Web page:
anxious to have me die. I know just how you feel. No thing likes to
contemplate that paralysis that will surely fall upon you when my
ghost begins to get in its fine work. I'm putting it in training

"You poor droll mortal!" laughed the cockney. "You poor droll
mortal! As if I could ever be afraid of that! What is the matter
with my going into training myself? Two can train, you know--even
three. You almost make me feel sorry I tried to remedy the loss of
those MSS."

Somehow or other a sense of some new misfortune came upon me.

"What?" I said, nervously.

"I say I'm almost sorry I tried to remedy the loss of those
manuscripts. Composition, particularly poetry, is devilish hard for
me--I admit it--and when I think of how I toiled over my substitutes
for your ruined stuff, and see how very ungrateful you are, I grudge
the effort."

"I don't understand you," I said, anxiously. "What do you mean?"

"I mean that I have written and sent out to the editors of the
papers you write for a half a dozen poems and short stories."

"What has all that got to do with me?" I demanded.

"A great deal," he said. "You'll get the pay. _I signed your name to

"Y--you--you--you--did what?" I cried.
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« Reply #78 on: November 03, 2009, 01:59:47 am »

"Signed your name to 'em. There was a sonnet to 'A Coal Grab'--that
was the longest of the lot. I think it will cover at least six
magazine pages--"

"But," I cried, "a sonnet never contains more than fourteen lines--

"Oh yes, it does," he replied, calmly. "This one of yours had over
four hundred. And then I wrote a three-page quatrain on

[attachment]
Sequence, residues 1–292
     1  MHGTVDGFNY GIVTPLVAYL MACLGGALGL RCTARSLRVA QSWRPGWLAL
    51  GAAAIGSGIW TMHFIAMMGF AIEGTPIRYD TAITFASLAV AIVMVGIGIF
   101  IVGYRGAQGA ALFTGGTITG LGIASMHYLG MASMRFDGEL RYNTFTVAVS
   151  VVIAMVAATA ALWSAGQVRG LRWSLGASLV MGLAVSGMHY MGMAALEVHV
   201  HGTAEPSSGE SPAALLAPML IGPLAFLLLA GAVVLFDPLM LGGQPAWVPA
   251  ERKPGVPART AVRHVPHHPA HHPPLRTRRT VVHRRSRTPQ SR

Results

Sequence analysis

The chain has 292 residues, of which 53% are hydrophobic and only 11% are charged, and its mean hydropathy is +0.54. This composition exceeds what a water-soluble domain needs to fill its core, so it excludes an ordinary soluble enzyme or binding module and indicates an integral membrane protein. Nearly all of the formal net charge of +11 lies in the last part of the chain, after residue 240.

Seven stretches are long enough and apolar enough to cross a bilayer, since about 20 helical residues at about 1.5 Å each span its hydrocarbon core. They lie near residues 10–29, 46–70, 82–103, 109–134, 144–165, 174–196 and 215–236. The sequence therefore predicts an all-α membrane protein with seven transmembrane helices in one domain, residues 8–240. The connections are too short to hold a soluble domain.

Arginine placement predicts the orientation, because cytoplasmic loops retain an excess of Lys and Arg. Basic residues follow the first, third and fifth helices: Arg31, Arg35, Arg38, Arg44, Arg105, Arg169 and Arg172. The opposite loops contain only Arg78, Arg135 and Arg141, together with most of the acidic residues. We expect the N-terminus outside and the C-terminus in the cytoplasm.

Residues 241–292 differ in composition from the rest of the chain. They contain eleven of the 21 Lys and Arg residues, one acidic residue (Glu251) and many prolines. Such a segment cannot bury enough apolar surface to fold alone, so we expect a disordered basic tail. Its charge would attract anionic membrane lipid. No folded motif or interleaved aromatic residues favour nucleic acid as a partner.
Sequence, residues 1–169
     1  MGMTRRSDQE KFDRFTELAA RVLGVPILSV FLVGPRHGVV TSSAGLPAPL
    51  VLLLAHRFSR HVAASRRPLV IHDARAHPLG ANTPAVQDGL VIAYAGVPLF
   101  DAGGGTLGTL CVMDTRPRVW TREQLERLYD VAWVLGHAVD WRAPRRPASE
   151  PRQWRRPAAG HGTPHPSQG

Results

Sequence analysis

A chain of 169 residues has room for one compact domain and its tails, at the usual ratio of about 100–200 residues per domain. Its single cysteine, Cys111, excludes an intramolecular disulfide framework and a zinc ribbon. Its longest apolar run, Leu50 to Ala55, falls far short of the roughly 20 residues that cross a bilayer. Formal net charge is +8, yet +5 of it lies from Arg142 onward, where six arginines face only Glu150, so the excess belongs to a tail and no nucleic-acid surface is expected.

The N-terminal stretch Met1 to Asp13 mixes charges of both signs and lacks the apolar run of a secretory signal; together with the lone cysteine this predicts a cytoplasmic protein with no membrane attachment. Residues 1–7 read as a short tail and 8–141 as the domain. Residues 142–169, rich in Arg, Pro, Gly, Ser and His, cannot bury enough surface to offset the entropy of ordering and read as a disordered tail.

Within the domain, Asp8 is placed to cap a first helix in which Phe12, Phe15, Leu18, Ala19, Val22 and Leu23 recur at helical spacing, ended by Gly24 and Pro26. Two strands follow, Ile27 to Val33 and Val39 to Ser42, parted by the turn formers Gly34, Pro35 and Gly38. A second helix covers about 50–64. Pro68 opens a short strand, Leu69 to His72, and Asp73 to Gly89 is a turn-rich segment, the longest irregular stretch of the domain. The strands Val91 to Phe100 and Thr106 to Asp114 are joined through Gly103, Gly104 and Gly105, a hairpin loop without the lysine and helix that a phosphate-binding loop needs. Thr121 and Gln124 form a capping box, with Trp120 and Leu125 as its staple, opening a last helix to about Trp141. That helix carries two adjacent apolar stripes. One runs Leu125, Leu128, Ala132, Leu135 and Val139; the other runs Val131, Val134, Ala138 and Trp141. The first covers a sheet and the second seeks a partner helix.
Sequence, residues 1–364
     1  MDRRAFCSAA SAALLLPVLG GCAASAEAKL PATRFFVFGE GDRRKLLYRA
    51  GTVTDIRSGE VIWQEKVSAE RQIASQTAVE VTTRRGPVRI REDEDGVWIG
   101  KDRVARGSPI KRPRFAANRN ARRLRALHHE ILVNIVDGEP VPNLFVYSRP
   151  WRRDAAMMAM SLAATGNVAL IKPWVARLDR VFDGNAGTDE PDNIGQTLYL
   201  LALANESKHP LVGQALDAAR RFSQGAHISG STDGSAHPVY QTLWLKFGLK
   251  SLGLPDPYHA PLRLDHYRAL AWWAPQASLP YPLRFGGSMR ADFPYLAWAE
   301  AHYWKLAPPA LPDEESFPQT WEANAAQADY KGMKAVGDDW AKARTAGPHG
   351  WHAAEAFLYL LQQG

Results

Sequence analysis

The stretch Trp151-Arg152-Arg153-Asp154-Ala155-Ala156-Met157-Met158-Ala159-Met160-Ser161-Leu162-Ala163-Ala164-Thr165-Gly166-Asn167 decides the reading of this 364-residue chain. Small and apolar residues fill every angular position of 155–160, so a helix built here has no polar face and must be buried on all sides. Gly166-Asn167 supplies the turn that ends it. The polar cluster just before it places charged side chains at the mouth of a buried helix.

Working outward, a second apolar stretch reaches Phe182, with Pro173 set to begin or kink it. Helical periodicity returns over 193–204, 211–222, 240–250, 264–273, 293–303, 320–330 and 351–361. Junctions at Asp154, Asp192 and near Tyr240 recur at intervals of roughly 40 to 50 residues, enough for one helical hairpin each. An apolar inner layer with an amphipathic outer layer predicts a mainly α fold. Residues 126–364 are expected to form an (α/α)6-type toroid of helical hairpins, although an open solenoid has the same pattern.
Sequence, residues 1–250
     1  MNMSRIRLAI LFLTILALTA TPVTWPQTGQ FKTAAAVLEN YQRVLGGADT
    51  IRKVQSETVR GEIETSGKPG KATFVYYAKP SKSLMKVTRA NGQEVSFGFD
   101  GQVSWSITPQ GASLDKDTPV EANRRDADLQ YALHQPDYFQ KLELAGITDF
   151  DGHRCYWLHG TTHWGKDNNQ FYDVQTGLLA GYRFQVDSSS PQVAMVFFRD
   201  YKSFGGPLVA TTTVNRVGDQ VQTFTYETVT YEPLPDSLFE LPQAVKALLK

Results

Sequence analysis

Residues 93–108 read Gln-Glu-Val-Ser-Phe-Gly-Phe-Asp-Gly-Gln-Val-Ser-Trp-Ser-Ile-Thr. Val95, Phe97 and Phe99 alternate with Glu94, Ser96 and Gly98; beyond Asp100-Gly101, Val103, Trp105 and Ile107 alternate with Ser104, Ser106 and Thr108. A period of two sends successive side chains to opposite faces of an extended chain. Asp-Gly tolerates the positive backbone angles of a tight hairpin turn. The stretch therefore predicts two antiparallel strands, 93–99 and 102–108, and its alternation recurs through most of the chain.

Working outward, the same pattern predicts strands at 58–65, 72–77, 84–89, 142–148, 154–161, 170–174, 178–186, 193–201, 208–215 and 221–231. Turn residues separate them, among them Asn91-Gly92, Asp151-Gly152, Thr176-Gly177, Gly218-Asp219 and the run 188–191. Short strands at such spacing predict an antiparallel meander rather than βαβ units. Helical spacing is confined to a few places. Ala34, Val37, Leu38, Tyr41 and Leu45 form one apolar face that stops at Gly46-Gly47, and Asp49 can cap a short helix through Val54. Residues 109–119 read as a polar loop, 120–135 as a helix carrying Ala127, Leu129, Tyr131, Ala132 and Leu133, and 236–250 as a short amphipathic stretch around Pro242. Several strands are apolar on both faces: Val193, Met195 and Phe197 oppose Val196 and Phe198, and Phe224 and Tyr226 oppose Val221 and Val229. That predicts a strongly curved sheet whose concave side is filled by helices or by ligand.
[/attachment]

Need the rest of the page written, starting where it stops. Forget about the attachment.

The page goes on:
'Immortality,' which, if I do say it, is the funniest thing I ever
read. I sent that to the _Weekly Methodist_."

"Good Lord, good Lord, good Lord!" I moaned. "A three-page

"Yes," he observed, calmly lighting one of his accursed cigars. "And
you'll get all the credit."

A ray of hope entered my soul, and it enabled me to laugh
hysterically. "They'll know it isn't mine," said I. "They know my
handwriting at the office of the _Weekly Methodist_."

"No doubt," said he, dashing all my hopes to the ground. "But--ah--
to remedy that drawback I took pains to find out what type-writer
you used, and I had my quatrain copied on one of the same make."

"But the letter--the note with the manuscript?" I put in.

"Oh, I got over that very easily," he said. "I had that written also
on the machine, on thin paper, and traced your signature at the
bottom. It will be all right, my dear fellow. They'll never
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Keeper of the Seven Keys
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« Reply #79 on: November 03, 2009, 02:00:11 am »

And then, looking at the spirit-watch which he carried in his
spectral fob-pocket, he vanished, leaving me immersed in the deepest
misery of my life. Not content with ruining me socially, and as a
lecturer; not satisfied with destroying me mentally on the seas, he
had now attacked me on my most vulnerable point, my literary
aspirations. I could not rest until I had read his "three-page
quatrain" on "Immortality." Vulgar as I knew him to be, I felt
confident that over my name something had gone out which even in my
least self-respecting moods I could not tolerate. The only comfort
that came to me was that his verses and his type-writing and his
tracings of my autograph would be as spectral to others as to the
eye not attuned to the seeing of ghosts. I was soon to be
undeceived, however, for the next morning's mail brought to my home
a dozen packages from my best "consumers," containing the maudlin
frivolings of this--this--this--well, there is no polite word to
describe him in any known tongue. I shall have to study the Aryan
language--or Kipling--to find an epithet strong enough to apply to
this especial case. Every point, every single detail, about these
packages was convincing evidence of their contents having been of my
own production. The return envelopes were marked at the upper corner
with my name and address. The handwriting upon them was manifestly
mine, although I never in my life penned those particular
superscriptions. Within these envelopes were, I might say, pounds of
MSS., apparently from my own typewriting machine, and signed in an
autograph which would have deceived even myself.

And the stuff!
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« Reply #80 on: November 03, 2009, 02:00:38 am »